I don’t have permission to give details but we’ve met and found a lot of common ground. The one difference is I am trying to make the best of the current system and Black Lives Matter would like to see a different system. There is general acknowledgment that we need to focus on what we are for rather than what we are against. I have nothing but respect for what they’ve done.

What set the pace for this year’s New World Order, disruption tone and theme for Hope Global Forums 2018 Annual Meeting?

It’s the one big tent where everyone can come and have a voice – Republicans, Democrats, billionaires, millionaires, hundred-aires, and people who have no aires. Black, white, rich and poor, working class and middle class come together and feel comfortable. This environment is extremely important [to] me.

We are arming people with tools to raise your credit score, position you to create a job if you can’t get a job and become a small-business owner, become an entrepreneur, start a daycare, start a church, start a network of hair salons and barber shops, create jobs in your neighborhood. The result will be economic security for your community, your neighborhood, your family.

For a conference first-timer, how should they prepare and show up?

With an open mind and a pen with full ink. This is not a Ph.D. conference for talkers. This is a Ph.Do conference for doers. It’s about moving our communities forward. The last movement was in the streets, civil rights. This new movement is in the suites, silver rights. The last movement was about race and the color lines, which are still unfortunately real issues. The issue today is really class and poverty. It’s what the folks with Black Lives Matter and I agree on. Whether you are Black, white, red or yellow, you want to see more green.

In a strange way, the thing we have in common with our white, rural brothers and sisters is they were so economically frustrated. They arrived at the ballot box to put certain people in office because they felt no one paid them any attention when their small towns witnessed factories walk away. Black and Brown folk could have done a better job of paying attention to that White woman who’d worked at Walmart for 20 years in that small town, who was struggling. We should have said we are backing your interests too. Black folks were riding for justice in Flint and Ferguson on the streets, while other folks are riding at ballot boxes. It’s all riding in a 500-credit score neighborhoods with a check casher, next door to a payday lender, next to a rent to own store, next to a title lender, next to a liquor store with a church down the street trying to make things better. The issue is economics, not necessarily racial. The fear of that causes us to be emotional. What we are doing is winning battles but losing the war. What would happen if we say the issue is a number. If I could raise the credit score in your life 120 points. There has never been a riot in a 700-credit score neighborhood in American history. People will laugh at this and ask John is it all about credit scores? No. It’s about overall energy. Economic stability. Hope. Confidence. Believing in yourself. The credit score is simply a trending indicator.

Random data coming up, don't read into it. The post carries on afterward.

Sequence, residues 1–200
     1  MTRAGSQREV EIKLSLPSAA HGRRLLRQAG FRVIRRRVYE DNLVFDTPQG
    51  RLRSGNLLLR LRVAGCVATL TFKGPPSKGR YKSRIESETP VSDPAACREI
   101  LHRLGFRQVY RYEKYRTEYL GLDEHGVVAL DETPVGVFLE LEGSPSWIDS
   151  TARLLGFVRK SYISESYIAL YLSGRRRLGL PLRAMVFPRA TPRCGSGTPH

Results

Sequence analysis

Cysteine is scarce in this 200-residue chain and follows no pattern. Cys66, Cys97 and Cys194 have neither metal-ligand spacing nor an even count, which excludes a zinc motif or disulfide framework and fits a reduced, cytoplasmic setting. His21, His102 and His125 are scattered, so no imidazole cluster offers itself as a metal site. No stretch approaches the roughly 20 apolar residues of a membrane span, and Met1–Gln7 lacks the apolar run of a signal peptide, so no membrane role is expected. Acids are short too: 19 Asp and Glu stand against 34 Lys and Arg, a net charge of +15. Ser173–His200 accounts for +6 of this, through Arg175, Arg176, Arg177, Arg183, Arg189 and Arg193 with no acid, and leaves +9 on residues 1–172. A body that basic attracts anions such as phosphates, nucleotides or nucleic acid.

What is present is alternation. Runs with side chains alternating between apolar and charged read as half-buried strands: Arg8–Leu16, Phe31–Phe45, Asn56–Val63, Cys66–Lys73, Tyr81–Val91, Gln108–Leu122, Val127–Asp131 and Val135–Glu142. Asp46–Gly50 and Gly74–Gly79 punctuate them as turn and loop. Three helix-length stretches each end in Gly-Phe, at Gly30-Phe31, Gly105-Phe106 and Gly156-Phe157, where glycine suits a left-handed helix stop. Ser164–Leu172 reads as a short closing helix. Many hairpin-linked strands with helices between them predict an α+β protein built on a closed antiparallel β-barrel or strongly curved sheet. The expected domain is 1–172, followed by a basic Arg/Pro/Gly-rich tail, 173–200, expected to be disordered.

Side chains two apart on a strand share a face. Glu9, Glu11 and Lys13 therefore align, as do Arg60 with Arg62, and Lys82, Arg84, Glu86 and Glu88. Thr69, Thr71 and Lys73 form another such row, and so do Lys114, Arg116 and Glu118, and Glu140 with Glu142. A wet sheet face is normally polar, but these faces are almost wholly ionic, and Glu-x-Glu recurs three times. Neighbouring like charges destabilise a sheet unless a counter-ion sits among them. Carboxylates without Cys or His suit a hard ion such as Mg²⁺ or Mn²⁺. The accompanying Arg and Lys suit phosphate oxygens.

You visit Boston and the average net worth of Blacks is $8. It was reported in the Boston Globe. If this were only about race, the Caribbean Blacks’ net worth wouldn’t be higher than American Blacks.

According to “The Color of Wealth in Boston Report,” the household median net worth was $247,500 for whites; $8 for US Blacks (the lowest of all five cities); $12,000 for Caribbean Blacks; $3,020 for Puerto Ricans; and $0 for Dominicans.

Net worth is determined by calculating assets, liabilities, financial resources, personal savings, and investment activities. In this instance, both financial (savings and checking accounts, money market funds, government bonds, stocks, retirement accounts, business equity, and life insurance) and tangible (houses, vehicles, and other real estate) assets were included. The debts included were credit card balances; student, installment, and car loans; medical debt; and mortgages.

“A lot of people have the impression that the major way in which people amass wealth is through savings out of their income,” said William A. Darity Jr., a professor of public policy at Duke University who was one of the lead investigators of the study.

That’s not the case.

Net worth, the report said, is determined by “subtracting debts from assets.” (source: Boston Globe)

 

Yvette Caslin